Details of each Contributor to which your personal data will be transferred is clearly stated within the Content that you access. For full details of how this Contributor will use your personal data, you should review the Contributor’s own Privacy Notice.

Please indicate your preference below:

Yes, I am happy to support Mondaq in maintaining its free to view business model by agreeing to allow Mondaq to share my personal data with Contributors whose Content I access
No, I do not want Mondaq to share my personal data with Contributors

Also please let us know whether you are happy to receive communications promoting products and services offered by Mondaq:

Yes, I am happy to received promotional communications from Mondaq
No, please do not send me promotional communications from Mondaq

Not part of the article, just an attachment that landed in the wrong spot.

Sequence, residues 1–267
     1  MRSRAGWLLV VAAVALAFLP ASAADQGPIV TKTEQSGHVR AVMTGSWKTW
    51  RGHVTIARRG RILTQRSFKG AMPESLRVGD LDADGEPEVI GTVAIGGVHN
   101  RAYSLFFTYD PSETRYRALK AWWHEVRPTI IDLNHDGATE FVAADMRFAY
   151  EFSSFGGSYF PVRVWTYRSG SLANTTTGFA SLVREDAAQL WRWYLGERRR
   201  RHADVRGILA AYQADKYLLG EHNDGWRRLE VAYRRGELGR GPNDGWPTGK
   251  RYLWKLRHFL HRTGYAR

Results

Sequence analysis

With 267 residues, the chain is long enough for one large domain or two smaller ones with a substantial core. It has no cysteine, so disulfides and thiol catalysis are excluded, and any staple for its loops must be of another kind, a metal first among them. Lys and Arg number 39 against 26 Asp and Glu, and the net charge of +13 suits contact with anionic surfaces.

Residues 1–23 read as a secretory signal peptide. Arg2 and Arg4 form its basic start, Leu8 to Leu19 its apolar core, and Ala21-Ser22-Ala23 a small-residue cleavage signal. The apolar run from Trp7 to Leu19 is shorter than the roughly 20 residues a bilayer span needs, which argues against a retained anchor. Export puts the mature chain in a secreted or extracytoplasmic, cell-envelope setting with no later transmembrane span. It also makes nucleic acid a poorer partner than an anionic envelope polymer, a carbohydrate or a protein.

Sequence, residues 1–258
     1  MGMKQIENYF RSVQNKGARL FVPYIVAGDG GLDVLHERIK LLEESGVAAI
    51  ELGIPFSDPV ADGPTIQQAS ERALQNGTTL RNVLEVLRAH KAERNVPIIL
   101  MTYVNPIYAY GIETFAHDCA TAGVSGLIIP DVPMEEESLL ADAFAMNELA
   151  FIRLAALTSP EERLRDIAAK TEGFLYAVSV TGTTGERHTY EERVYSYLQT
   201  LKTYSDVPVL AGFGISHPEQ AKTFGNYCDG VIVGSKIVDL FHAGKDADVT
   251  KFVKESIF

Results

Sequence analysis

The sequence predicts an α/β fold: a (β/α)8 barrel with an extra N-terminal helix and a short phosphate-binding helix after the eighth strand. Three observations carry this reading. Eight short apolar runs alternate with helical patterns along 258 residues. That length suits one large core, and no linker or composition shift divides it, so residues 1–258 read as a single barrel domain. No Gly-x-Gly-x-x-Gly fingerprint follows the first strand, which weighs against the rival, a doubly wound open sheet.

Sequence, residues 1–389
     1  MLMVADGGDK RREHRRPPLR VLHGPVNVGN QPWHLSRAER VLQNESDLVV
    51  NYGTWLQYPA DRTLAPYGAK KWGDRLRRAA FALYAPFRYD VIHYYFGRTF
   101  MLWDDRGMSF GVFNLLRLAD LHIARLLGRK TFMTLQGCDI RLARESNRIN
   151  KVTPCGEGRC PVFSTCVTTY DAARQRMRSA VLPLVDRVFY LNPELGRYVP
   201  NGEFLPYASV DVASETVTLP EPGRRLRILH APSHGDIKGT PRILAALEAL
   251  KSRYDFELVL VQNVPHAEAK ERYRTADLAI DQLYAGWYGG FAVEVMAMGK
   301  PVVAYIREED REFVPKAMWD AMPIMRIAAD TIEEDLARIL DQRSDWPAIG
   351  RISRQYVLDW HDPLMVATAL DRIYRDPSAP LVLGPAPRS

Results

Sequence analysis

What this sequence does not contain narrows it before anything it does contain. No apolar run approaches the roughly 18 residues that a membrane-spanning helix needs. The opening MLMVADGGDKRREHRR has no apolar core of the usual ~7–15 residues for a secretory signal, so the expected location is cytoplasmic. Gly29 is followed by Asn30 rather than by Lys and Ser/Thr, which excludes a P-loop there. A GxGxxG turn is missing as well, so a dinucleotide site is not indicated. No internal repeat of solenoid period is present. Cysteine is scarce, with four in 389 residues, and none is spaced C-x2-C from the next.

Terms & Conditions

Mondaq.com (the Website) is owned and managed by Mondaq Ltd (Mondaq). Mondaq grants you a non-exclusive, revocable licence to access the Website and associated services, such as the Mondaq News Alerts (Services), subject to and in consideration of your compliance with the following terms and conditions of use (Terms). Your use of the Website and/or Services constitutes your agreement to the Terms. Mondaq may terminate your use of the Website and Services if you are in breach of these Terms or if Mondaq decides to terminate the licence granted hereunder for any reason whatsoever.

Use of www.mondaq.com